18. mood

    mood Registered Member

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    Yes, it is :)
    RCC-1.0.69.24.png
     
  19. Mister X

    Mister X Registered Member

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    Got these results:
    Code:
    RCC 1.0.69.24 - (c) 2017 Firas Salem <@hexatomium> -  All rights reserved.
    For continued use, consider making a donation or purchasing a license.
    
    Scanning baselines available: 2
    Definitions updated: 2017-06-25
    
    
    ***   Scanning Windows root CA store... (Baseline selected: RCC1_STD_MSCTL)
    
    Number of roots in trust store: 35
    Number of roots in trust list: 362
    
    Number of 'interesting' items: 1
    
    D23209AD23D314232174E40D7F9D62139786633A: Equifax Secure Certificate Authority
                           Time of insertion: 2017-05-25 05:31:48 UTC
    
    
    The items highlighted above might represent a security risk. It is highly
    recommended to review their purpose, and distrust them if appropriate.
    
    
    Hit any key to quit.
     
    Last edited: Jul 11, 2017
  20. zagmarfish

    zagmarfish Registered Member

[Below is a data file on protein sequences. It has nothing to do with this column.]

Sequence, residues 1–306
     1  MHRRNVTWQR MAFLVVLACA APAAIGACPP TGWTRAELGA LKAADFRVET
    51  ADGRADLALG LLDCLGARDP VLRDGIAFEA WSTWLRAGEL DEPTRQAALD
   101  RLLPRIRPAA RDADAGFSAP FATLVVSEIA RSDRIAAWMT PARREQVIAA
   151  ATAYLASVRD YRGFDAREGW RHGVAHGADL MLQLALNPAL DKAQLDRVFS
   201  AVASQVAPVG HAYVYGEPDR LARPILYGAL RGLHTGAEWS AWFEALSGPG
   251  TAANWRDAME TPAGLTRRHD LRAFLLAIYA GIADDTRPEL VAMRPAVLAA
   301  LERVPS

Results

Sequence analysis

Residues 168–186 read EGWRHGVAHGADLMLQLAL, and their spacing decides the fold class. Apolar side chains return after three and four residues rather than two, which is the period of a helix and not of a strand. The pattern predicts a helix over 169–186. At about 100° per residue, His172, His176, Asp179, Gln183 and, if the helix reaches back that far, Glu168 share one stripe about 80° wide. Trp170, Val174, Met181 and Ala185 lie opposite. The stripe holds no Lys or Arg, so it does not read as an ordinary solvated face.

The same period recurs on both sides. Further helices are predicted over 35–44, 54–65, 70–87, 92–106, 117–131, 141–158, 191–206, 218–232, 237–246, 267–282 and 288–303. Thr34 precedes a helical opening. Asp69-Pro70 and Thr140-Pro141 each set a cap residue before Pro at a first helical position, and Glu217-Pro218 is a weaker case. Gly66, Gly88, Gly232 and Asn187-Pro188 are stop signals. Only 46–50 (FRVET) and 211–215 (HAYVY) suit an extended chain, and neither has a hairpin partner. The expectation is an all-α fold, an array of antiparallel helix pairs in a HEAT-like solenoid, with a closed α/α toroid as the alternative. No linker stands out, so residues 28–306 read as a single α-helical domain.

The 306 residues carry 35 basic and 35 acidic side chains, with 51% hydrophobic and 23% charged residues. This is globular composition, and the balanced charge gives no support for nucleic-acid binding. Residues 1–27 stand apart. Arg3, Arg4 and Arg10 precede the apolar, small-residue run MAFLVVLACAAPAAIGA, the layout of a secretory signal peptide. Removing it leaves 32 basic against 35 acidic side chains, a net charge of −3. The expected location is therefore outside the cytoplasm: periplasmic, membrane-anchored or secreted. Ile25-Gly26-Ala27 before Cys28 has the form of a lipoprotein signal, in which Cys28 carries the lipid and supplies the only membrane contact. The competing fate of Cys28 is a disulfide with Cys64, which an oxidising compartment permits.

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    Me too. Equifax is the only one considered as a potential security risk. Yet, this certificate seems updated. Weird.
     
  21. SKA

    SKA Registered Member

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    Seems this equifax cert is inserted by Google/when you check Gmail using an email client or via webmail (using a browser) .

    Gmail frequently rotates its mail servers /their SSL certs.

    Anyone knows how to delete this or other certs on a Windows 7 64 bit PC - what steps to do so ?

    Thanks
    Ska
     
  22. Cazotte

    Cazotte Registered Member

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    Now it outputs 1 interesting item, which is
    Code:
    D23209AD23D314232174E40D7F9D62139786633A: Equifax Secure Certificate Authority
    Time of insertion: 2017-04-18 21:48:12 UTC
    What should I do?
     
  23. svenfaw

    svenfaw Registered Member

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    The Equifax cert is based on weak crypto (RSA 1024) and was therefore revoked by its issuer in 2015.
    However, it seems that Microsoft has not removed it from their trust store yet, which is causing this confusion.
    As far as I know, it is no longer used by Google / Gmail.
     
  24. SKA

    SKA Registered Member

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    Dear Sven

    Thanks for explaining this cert, how to remove it ? Wil it break anything ?
    What is puzzling is it was inserted only in 25/26 June 2017.

    Ska
     
  25. svenfaw

    svenfaw Registered Member

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    The recommended way to disable it is to create a System Restore snapshot, then drag the certificate to your "Untrusted" store in certlm.msc.
    Based on my testing and research there is no negative impact to disabling it.
    I believe the recent insertion timestamp is due to an issue with the Microsoft CTL, which still includes that certificate, so it probably gets re-inserted with each automatic CTL update.